In assembling the valve unit |3 several flexible blades 38 are alternately interleaved between the several channel members 3| and are firmly held near their leading edge 35 by the channel plate 32 of one channel member and the upper edge of partitions 33 of the adjacent channel member.
These valves and rigid channel members are securely held together in a valve housing 31 by bolts 38 which pass through the holes 39 provided in both the flexible blades 30 and the. rigid channel members 3| as shown in Figs. 5 and 8. The central span of the valve assembly is placed. in compression by a series of compression bolts 40 which press against a bearing plate 4|. Valve housing 31 is shown as rectangular for convenience only, and may be of any other suitable shape.
When a series of these valves and channel members ar assembled in the housing to form a complete valve assembly |3 they completely fill the cross section of the duct. For purpose of assembly, the completed valve slides into the housing 31 and is clamped into position by bolts 38, compression bolts 40 and a pair of shouldershaped retainers 42 which are attached to the forward portion of the sides of duct opening A valve of the character just described as the valve l3 for use in the duct, is shown in United States Patent No. 2,432,213, issued December 9, 1947.
Figs. 6 and 7 are views illustrating the means by which one of the valve blades is sandwiched between two of the channel members.
Fig. 6 shows a cutaway view looking into the channel member 3| showing its relationship to valve blade 30. The arrangement is such that each flexible blade is able to vibrate; the lower face 43 alternately contacting and moving away from the top edge 44 of partition 33. This creates the valve action placing the valve in a closed position whenever the pressure on the downstream side of the valve assembly exceeds the pressure acting from the upstream side and permitting flow of liquid through the valve. when the pressure on the upstream side of the valve exceeds that of the downstream side pushing the blade away from the top of channel partition .33.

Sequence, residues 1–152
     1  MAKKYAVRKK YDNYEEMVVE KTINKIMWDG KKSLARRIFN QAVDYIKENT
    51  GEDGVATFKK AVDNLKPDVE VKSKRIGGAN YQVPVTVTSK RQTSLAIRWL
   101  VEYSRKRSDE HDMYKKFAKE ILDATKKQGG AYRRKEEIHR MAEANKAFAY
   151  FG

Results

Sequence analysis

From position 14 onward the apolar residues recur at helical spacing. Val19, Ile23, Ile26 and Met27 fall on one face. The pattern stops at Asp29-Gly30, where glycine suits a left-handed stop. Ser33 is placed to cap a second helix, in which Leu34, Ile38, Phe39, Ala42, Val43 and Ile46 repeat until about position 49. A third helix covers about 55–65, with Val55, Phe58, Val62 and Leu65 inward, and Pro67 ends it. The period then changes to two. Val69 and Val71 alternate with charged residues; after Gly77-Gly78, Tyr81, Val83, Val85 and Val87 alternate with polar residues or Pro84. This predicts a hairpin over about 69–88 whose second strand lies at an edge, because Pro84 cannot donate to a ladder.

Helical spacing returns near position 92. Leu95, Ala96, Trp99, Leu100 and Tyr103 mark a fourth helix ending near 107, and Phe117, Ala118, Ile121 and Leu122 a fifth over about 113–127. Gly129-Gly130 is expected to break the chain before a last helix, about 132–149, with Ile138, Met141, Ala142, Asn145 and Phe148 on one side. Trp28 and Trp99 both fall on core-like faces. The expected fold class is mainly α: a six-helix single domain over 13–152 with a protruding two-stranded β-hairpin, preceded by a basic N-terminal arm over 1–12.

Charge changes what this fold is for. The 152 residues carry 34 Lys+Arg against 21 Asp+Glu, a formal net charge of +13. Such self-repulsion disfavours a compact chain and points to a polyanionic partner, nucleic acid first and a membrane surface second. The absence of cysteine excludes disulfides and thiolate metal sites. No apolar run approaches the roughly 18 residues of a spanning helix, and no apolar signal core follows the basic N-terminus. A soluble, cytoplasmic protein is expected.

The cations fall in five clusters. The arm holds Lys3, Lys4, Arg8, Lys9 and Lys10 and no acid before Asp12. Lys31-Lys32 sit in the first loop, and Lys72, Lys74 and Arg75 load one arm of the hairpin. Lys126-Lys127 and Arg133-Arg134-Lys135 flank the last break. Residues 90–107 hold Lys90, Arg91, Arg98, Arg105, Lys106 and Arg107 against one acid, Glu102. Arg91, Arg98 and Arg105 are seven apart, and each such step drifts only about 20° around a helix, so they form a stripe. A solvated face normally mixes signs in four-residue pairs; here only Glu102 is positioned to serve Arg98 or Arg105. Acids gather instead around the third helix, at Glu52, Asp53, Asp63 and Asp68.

The timing of the firing may be controlled by an electrical timing system which periodically fires the spark plug. Such systems are well.- known and need not be described in detail here. A suitable form of such a system is shown schematically in Fig. 4. This comprises a timing device 26 placed in series with a vibrator 46 and a coil 41 The timer, vibrator and coil are located between the spark plug. 25 and a. source of electrical energy such as battery 21. The timer 26 may be some suitable sort of time switching arrangement, such as a rotary member having a contact which makes contact with one or more contactpoints during rotation such that the voltage across the battery is periodically applied to the input terminal of the vibrator when the timer contacts are made. Since the vibrator .is in series between the voltage source and the coil, a high tension alternating voltage will be developed at the spark plug 25, while the vibrator is vibrating, all in accordance with well-known spark plug operation. Both the spark plug 25 and the negative terminal of the battery are grounded to complete the circuit.